Canadian National Railway is enjoying a high profit margin of approximately 26%, which is at or near the top in the industry. The company states that it has many more short-term than long-term freight contracts, which gives them the ability to adjust rates to accommodate current economic conditions. Investors who follow the rails know that CNI benefits from the huge Price Rupert Terminal, which is projected to bring in approximately $110m to CNI coffers this year.
True, earnings missed consensus by a penny ($0.61/$0.62) recently, but considering the severe weather (CNI had to shut down temporarily to ensure safety), fuel and maintenance issues, the quarter could have been worse. Excellent year ahead earnings seem right on "track".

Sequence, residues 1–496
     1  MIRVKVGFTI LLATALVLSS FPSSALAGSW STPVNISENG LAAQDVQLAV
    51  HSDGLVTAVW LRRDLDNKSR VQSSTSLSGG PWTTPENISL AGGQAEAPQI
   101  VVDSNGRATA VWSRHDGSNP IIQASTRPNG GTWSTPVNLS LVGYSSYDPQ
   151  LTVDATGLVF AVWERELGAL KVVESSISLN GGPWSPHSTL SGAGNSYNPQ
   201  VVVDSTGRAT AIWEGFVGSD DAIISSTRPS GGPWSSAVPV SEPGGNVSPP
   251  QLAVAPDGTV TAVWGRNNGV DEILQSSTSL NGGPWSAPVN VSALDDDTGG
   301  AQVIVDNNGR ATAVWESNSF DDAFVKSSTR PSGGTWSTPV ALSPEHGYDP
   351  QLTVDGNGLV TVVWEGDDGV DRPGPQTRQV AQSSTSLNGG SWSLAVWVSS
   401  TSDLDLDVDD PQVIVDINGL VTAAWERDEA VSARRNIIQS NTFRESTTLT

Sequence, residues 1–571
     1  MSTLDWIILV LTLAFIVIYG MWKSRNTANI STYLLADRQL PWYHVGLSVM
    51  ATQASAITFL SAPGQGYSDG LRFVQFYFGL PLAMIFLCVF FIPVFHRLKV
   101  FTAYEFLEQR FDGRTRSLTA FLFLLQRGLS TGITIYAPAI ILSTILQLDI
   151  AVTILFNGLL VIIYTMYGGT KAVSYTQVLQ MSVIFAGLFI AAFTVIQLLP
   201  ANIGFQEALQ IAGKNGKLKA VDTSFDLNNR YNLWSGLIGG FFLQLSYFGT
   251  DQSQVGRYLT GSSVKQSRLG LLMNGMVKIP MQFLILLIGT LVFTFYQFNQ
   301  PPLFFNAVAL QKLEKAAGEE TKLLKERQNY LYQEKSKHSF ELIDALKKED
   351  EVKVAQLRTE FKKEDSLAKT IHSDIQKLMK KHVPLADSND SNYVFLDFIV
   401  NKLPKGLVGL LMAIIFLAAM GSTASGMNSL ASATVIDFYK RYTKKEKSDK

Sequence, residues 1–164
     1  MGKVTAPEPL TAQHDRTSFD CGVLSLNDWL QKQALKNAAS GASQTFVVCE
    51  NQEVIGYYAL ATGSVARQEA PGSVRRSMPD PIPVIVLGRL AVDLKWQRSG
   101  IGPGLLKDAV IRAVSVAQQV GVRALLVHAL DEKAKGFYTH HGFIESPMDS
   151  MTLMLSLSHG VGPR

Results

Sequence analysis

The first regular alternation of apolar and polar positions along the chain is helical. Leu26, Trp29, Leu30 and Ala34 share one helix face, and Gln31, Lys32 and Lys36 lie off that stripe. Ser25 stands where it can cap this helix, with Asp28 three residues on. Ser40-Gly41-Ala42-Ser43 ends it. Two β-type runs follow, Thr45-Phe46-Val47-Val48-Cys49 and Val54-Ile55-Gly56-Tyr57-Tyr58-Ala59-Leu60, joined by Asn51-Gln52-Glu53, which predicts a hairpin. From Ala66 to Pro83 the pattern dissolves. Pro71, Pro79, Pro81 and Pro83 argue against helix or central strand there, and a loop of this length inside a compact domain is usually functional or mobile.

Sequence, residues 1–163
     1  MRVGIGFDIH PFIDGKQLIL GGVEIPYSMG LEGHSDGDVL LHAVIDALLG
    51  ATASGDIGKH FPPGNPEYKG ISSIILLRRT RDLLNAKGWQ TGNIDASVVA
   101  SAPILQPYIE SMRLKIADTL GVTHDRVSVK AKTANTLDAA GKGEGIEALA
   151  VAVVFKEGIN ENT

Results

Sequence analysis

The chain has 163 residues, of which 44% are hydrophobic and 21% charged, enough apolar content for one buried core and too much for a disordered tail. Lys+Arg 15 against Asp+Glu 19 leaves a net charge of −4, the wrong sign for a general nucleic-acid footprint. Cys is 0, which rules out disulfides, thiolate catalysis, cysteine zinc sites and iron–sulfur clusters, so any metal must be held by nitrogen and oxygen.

The stock is priced at $50.92, which is slightly above its 200-day moving average and at a mid-point from a 52-week high of $58.49 and low of $41.89. However, the PE of CNI is around 12, significantly below the industry PE average of 20. There doesn't seem to be compelling reason for the disparity. In fact, with the recent grain shortage panic and continuing energy issues, CNI stands to benefit from increased shipments of these commodities as well as increased freight traffic from elsewhere in Canada and the U.S. as rails remain an obvious choice for efficient, relatively cheap transport.